Afro-Cuban drummer Manolito brings hot Caribbean rhythms into jazz, dances with Marisela, only she keeps him from leaving this hate-filled place to the fake Cuban musicians.

Fame-hungry LA reporters twist facts, sensationalize truth, fan flames of suspicion that Mexican-Americans might be enemies instead of citizens, that jazz musicians are dangerous.

Told in poems by many voices over a year’s time, starting with the Sailor Riots against zoot suiters in 1942, Jazz Owls shows how the fear of Others splintered an American city which needed to stay united during wartime.

Off with her grandmother on The Last Great Adventure, by Rebecca Behrens (book review)

book cover of The Last Grand Adventure, by Sarah Behrens. Published by Aladdin/Simon & Schuster | recommended on BooksYALove.com

To find her long-lost sister,
to find her place in a new family,
to make things the way they used to be…

In 1967, World War II was just one generation ago, the Summer of Love calls for peace, and Bea’s grandmother knows that it’s time to meet up with her sister Amelia Earhart back in their favorite childhood place, no matter what!

If someone’s dream seems possible, but very unlikely, what will you do?
**kmm

Book info: The Last Grand Adventure / Rebecca Behrens. Aladdin, 2018. [author site] [publisher site] Review copy and cover image courtesy of the publisher.

My book talk: Her grandmother wants to reunite with her long-lost sister, and 12-year-old Bea wants to get away from her new stepfamily – a trip from California to Kansas sounds great! Never mind that only grandmother Pidge has heard from her sister Amelia since the famous aviator went missing or that Bea was only staying at Pidge’s new retirement village for a short visit…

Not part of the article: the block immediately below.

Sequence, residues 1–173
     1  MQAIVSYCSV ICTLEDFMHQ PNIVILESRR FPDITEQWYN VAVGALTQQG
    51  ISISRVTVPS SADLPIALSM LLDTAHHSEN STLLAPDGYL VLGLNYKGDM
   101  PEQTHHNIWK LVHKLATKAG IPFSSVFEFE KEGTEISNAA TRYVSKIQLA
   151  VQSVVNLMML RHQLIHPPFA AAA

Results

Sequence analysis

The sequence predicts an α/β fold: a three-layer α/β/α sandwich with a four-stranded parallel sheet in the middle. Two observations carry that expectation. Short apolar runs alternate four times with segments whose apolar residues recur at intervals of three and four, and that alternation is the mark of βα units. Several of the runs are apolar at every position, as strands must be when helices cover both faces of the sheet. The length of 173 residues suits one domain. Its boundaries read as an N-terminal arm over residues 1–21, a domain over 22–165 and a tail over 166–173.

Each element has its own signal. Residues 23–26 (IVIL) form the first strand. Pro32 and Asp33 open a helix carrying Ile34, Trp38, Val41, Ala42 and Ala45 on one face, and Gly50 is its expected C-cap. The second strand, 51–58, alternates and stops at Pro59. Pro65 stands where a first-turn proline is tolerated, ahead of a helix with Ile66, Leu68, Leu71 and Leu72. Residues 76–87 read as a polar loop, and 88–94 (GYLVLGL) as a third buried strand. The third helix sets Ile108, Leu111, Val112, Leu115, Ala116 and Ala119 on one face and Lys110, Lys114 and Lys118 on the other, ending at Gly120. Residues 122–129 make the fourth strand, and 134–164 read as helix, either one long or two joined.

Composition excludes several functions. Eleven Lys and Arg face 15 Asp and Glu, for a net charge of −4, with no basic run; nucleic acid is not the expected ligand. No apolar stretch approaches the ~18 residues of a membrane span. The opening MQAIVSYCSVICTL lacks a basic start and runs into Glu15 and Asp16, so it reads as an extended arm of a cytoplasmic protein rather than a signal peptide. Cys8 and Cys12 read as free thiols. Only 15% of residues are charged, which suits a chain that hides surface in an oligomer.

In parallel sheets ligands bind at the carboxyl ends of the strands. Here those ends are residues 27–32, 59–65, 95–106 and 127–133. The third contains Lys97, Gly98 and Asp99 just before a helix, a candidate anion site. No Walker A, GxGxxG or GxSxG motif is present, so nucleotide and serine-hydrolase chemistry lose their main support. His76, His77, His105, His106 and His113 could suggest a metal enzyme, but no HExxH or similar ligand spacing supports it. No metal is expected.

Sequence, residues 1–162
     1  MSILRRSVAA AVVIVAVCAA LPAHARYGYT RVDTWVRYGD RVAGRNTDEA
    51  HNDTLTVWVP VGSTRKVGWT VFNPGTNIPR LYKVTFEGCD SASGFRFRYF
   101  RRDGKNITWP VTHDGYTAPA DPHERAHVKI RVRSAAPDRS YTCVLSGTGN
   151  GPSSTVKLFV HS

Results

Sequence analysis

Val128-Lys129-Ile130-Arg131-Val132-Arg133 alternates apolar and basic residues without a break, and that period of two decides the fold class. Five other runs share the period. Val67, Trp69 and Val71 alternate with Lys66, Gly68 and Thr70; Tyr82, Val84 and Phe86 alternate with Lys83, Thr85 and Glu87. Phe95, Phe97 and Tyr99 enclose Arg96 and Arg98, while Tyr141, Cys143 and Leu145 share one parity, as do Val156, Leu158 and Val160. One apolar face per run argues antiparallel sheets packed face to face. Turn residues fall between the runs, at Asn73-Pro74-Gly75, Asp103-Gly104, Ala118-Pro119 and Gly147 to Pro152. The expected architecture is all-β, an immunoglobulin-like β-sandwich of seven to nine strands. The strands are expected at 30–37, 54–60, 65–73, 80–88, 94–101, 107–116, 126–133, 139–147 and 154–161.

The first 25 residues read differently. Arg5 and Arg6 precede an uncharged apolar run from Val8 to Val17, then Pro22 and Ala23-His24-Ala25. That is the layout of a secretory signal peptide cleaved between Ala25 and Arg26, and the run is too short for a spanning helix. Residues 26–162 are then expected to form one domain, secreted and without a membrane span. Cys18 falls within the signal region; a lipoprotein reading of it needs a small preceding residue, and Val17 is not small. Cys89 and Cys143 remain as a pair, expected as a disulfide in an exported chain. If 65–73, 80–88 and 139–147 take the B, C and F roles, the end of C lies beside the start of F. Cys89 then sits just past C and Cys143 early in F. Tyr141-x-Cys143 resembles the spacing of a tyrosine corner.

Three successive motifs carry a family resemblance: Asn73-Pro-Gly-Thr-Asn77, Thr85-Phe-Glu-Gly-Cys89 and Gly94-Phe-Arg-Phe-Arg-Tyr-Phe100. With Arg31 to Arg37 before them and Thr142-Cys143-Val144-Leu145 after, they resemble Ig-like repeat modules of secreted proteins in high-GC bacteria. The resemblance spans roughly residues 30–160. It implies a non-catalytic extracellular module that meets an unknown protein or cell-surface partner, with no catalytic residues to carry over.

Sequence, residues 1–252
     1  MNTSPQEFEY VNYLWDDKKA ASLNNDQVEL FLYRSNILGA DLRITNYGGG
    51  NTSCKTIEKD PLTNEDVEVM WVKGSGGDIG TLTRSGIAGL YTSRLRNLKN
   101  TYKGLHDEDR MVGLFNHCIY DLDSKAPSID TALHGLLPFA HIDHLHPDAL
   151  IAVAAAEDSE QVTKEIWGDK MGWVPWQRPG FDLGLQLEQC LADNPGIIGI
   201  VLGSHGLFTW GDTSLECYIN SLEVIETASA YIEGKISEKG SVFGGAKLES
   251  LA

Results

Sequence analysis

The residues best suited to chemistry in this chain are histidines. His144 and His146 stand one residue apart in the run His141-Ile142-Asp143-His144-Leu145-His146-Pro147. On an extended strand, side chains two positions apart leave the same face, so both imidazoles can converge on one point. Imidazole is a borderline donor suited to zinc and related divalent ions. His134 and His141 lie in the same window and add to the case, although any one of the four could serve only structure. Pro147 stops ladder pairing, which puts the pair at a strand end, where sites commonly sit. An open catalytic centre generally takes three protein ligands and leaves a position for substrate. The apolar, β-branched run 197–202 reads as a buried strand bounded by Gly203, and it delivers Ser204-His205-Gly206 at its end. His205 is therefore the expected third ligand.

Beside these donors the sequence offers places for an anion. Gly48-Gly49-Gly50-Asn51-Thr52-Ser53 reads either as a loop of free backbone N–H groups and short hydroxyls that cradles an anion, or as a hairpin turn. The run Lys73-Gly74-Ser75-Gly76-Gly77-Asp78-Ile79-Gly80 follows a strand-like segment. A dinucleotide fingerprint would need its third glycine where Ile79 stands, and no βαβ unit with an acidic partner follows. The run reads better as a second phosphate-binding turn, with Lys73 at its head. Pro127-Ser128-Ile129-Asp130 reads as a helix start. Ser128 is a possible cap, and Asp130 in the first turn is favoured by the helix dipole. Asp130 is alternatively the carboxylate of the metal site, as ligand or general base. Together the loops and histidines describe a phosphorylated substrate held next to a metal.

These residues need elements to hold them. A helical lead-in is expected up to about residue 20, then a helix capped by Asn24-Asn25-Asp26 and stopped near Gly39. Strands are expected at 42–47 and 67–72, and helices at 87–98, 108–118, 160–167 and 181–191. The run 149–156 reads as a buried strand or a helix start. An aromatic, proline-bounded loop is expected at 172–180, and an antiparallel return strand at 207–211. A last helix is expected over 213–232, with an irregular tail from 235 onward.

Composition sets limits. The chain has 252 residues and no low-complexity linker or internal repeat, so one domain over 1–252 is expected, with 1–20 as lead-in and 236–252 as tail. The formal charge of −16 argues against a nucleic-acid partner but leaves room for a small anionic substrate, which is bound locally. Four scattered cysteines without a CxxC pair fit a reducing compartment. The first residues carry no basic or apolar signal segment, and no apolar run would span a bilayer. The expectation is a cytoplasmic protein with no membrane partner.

With 30 years of Meelie’s letters in Pidge’s purse, the pair hops an eastbound train headed for Atchison (never mind about reservations for a sleeper), as Bea writes about their trip in her new adventure journal.

Her parents’ divorce made Bea so sad – why did Dad have to remarry?

Pidge keeps changing her mind about things – is she really in control of the situation?

Train, plane, automobile – will they get to Atchison in time to meet Meelie?

Family stories old, new, and being written form the heart of this road trip during the “summer of love” in 1967 as Pidge tries to reconnect with her beloved adventurous sister.


Surgery to get The Fold or not? by An Na (book review)

book cover of The Fold by An Na, published by Atheneum | recommended on BooksYALove.com“Western” eyes!
Korean eyelids just aren’t the same.
Plastic surgery to get “the fold” or not?

Read the first chapter here (free, courtesy of the publisher) to discover the depth of Joyce’s crush on John Ford Kang, then check out The Fold in hardcover or paperback at your local library or independent bookstore to see how far she’ll go to make him really notice her!

Ever considered plastic surgery?
**kmm

Book info: The Fold / An Na. Atheneum, 2008 hardcover, 2017 paperback. [author site]  [publisher site]  Review copy and cover image courtesy of the publisher.

My book talk: When her aunt offers to pay for plastic surgery, pain-averse Joyce must decide how far she’ll go to get her crush’s attention and win his heart.

Adding the eyelid “fold” is a routine procedure for Korean-American women, but everyone can see how Auntie Gomo is addicted to plastic surgery.

Not as smart or pretty as older sister Helen, not as funny as younger brother Andy, Joyce feels like a nobody as her junior year ends and adorable John Paul Kang signs her yearbook with the wrong name.

Work in their parents’ restaurant all summer while Helen does a prestigious internship at college? Not fair.

John Paul comes to the restaurant when her eyes are swollen from chili powder accident? Oh no!

Dr. Reiner says the eyelid surgery is her decision, but how can Joyce disappoint her aunt? Oh my…